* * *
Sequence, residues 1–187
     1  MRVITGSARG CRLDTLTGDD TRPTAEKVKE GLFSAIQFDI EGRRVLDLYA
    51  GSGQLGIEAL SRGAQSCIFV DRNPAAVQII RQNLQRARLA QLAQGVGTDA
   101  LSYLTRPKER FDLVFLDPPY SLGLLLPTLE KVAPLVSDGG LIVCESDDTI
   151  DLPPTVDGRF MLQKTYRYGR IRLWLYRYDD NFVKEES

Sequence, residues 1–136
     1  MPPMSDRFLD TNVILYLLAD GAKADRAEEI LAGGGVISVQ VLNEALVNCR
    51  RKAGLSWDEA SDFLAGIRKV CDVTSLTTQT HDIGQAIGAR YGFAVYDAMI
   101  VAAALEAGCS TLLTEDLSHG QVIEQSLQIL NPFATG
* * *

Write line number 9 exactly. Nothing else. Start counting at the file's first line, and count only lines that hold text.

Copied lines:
   101  VAAALEAGCS TLLTEDLSHG QVIEQSLQIL NPFATG